As Kid Flash, Wally West was a founding member of the original Teen Titans. He stayed through three incarnations of the team, before quitting when he retired as Kid Flash (1966–1984).
When Wally took over as the Flash, he worked briefly with the Titans again (1986–1987), but then left to pursue his solo career. He was later invited to join Justice League International, and was a founding member of its European branch (1989–1994). When the team lost its United Nations sponsorship, Wally moved to the Justice League of America, and was a member until he disappeared in Infinite Crisis (1994–2006).
During his tenure in the JLA, Wally also joined two other teams: another stint in the Titans (1999–2000), and a tour in Justice League Elite (2004–2005).
Within minutes of Wally’s return, Hal Jordan extended an offer of membership in the newly-reformed Justice League of America.
There are conflicting accounts on Wally’s future.
Several years ago, Iris wrote in The Life Story of the Flash that she would help him through “an unexpected, tumultuous marriage, through the marvel of his daughter, and through the tragedy of his son.” Many speedsters, including Jay Garrick, met Wally’s daughter Iris West II while battling the legacy of Cobalt Blue, implying a degree of reality to this future, in which Wally is still alive when Iris is in her late teens/early twenties.
Of course one could hardly call his marriage to Linda unexpected, except perhaps the timing of the actual wedding, and Iris herself has said that some things she thought she knew turned out to be wrong. Although the aftermath of Linda’s miscarriage looks like it could fit the “tumultuous” bill.
In some accounts of Iris II’s life Wally has essentially given up his civilian life to patrol Keystone continuously at hyperspeed (The Kingdom, 1998; Flash 80-Page Giant #2, 1999). In others he has given up his humanity to the point where he is no longer confined to one plane of existence (Kingdom Come, 1996).
Still another account, gleaned from a garbled record uncovered in the 30th Century, holds that Wally was “evolved” by the Speed Force into something beyond human, focusing his efforts no longer on crime but on problems beyond human comprehension. According to this record, he regained his humanity just as he was defeated by the gorilla “Mega-Rogue” and launched out of time and space (Flash 80-Page Giant #2: “A Flash of Hope,” 1999). However, it is unclear to what extent the record was interpreted correctly. It may have even been a garbled record of Walter’s battles against Gorilla City and the Replicant.Text by Kelson Vibber. Do not copy without permission.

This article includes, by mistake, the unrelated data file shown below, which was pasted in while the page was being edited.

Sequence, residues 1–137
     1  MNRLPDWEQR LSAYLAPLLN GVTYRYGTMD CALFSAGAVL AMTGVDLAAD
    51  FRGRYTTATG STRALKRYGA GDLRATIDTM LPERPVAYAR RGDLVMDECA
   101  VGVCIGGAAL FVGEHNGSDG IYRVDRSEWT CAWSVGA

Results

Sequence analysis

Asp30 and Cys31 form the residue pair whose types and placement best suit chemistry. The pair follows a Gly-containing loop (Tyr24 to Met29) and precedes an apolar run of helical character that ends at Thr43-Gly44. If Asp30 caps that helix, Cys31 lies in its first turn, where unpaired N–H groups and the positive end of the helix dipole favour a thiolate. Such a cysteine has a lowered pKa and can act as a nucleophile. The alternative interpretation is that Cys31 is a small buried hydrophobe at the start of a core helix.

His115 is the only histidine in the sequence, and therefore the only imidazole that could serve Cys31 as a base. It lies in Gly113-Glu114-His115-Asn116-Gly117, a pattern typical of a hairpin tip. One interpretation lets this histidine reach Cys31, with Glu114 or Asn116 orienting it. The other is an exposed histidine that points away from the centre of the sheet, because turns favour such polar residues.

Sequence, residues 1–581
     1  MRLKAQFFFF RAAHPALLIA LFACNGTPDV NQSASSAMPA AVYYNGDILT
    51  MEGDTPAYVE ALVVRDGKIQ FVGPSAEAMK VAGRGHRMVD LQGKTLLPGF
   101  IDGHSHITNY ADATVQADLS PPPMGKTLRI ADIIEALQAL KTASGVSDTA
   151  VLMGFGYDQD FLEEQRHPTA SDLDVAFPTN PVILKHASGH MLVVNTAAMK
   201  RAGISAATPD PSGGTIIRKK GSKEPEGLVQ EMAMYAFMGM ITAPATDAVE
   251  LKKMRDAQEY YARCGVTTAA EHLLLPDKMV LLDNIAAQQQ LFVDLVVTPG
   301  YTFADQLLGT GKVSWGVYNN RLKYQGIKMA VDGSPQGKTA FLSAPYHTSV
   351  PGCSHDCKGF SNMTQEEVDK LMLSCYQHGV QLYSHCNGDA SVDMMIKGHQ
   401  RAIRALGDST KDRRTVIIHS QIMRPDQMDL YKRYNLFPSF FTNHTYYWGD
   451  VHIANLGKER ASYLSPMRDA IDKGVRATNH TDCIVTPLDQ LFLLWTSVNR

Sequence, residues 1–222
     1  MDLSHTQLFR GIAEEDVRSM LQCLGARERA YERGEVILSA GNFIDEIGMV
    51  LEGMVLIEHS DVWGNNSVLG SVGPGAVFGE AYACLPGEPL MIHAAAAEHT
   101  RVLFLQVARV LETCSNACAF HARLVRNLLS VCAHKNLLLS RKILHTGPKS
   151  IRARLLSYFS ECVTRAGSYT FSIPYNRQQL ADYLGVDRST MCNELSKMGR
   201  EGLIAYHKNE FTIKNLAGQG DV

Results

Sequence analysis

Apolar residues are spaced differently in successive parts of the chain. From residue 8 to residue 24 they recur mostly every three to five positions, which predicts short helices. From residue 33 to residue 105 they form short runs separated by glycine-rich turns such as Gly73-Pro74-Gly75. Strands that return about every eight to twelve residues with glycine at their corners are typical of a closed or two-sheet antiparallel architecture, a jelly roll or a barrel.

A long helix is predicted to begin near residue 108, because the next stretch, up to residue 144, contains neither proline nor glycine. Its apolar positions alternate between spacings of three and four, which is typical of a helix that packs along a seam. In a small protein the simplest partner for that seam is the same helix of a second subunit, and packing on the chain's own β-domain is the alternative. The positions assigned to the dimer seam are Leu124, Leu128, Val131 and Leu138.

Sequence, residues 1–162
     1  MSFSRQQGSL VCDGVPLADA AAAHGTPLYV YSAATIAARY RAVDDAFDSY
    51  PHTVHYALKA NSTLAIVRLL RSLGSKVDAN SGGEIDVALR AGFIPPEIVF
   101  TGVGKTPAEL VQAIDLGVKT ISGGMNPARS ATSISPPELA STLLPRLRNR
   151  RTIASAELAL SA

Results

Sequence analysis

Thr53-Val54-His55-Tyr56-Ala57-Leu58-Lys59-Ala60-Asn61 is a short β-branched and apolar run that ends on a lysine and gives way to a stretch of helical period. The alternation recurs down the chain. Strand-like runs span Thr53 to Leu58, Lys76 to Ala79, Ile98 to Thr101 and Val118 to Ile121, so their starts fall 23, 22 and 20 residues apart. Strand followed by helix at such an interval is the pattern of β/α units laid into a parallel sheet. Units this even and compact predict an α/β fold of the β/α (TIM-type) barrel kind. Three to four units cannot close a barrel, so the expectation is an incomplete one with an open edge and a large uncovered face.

- Primary Sources
- Art Credits
- Origin Tales
- Profiles in Print
- Series Regular In...
- Silver-Age Flash Appearances
- Silver-Age Solo Appearances
- Impulse Appearances
- Crossovers and Guest Spots
- One Year Later Flash Appearances
- Further Notes
- Related Commentary
- “Born To Run” - Flash (second series) #62–65 (May–June 1992), Mark Waid
- The Life Story of the Flash (1997), Mark Waid and Brian Augustyn
- Current Costume - Flash: Rebirth #5 (January 2010) - Ethan Van Sciver
- Kid Flash - New Teen Titans (first series) #31 (May 1983) - George Perez
- Metallic Costume - Flash (second series) #50 (May 1991) - Greg LaRocque and José Marzan, Jr.
- Concentrated Speed Force - Flash (second series) #131 (Late November 1997) - Paul Ryan and John Nyberg
- Running in Red - Flash (second series) #133 (January 1998) - Paul Ryan and John Nyberg
- Near Future - Flash 80-Page Giant #2 (April 1999) - Ron Lim & José Marzan, Jr.
- Beyond Human - Flash 80-Page Giant #2 (April 1999) - Steve Lightle
- Flash (first series) #110 (December 1959–January 1960): “Meet Kid Flash,” John Broome†
- Secret Origins Annual 2 (1988): “The Unforgiving Minute,” William Messner-Loebs
- Flash (second series) #62–65 (May–June 1992): “Born To Run,” Mark Waid
- Flash Secret Files #1 (November 1997): “A Run of Luck,” Mark Waid and Brian Augustyn
- The Life Story of the Flash (1997): “Lightning Strikes Twice,” Mark Waid
- The Official Teen Titans Index #1 as Kid Flash (August 1985)
- Who’s Who in the DC Universe #12 as Kid Flash (February 1986)
- Who’s Who Update ’87 #2 (September 1987)
- Flash Annual 3 (1989)
- Who’s Who (loose-leaf edition) #2 (September 1990)
- JLA Secret Files #1 (September 1997)
- Flash Secret Files #1 (November 1997)
- The Titans Secret Files #1 (March 1999)
- JLA–Z #1 (November 2003)
- The DC Comics Encyclopedia (2004)
- Flash Secret Files and Origins 2010 under “Speed Force” (May 2010)
- DC Comics Super-Heroes and Villains Fandex (2010)
- Teen Titans (first series) (1966–1977)
- The New Teen Titans (first series) #1–39 (1980–1984)
- The New Teen Titans (second series) #1–5, #20–31 (1984, 1986–1987)
- Flash (second series) (1987–2006, 2007–2008)
- Justice League Europe/International (1989–1994)
- Justice League America (1994–1996)
- JLA (1996–2006)
- The Titans (first series) #1–20 (1999–2000)
- Justice League of America #20–31 (2008–2009)
- The Titans (second series) #1–23 (2008–2010)
- Flash #110 (January 1960): “Meet Kid Flash!” John Broome
- Flash #120 (May 1961): “Land of Golden Giants!” John Broome
- Flash #125 (December 1961): “The Conquerors of Time,” John Broome
- Flash #135 (March 1963): “Secret of the Three Super-Weapons,” John Broome
- Flash #149 (December 1964): “The Flash’s Sensational Risk!” John Broome
- Flash #156 (November 1965): “The Super-Hero Who Betrayed the World!” John Broome
- Flash #159 (March 1966): “The Flash’s Final Fling!” Gardner Fox
- Flash #161 (May 1966): “The Case of the Curious Costume,” Robert Kanigher
- Flash #165 (November 1966): “One Bridegroom Too Many!” John Broome
- Flash #173 (September 1967): “Doomward Flight of the Flashes!” John Broome
- Flash #189 (June 1969): “The Death-Touch of the Blue Ghost,” John Broome
- Flash #220 (March 1973): “The Slowest Man on Earth,” Cary Bates
- Flash #221 (May 1973): “Time-Schedule For Disaster!” J. David Warner & Cary Bates
- Flash #232 (April 1975): “The Death-Rattle of the 12-Hour Man!” Cary Bates
- Flash #239 (February 1976): “The Tailor-Made Crimes of Central City!” Cary Bates
- DC Special Series #11: Flash Spectacular 1978: “Beyond the Super-Speed Barrier,” Cary Bates
- Flash #269 (January 1979): “Domain of the Dark-Eyed Dragons!” Cary Bates
- Flash #277 (September 1979): “The Self-Destruct Flash,” Cary Bates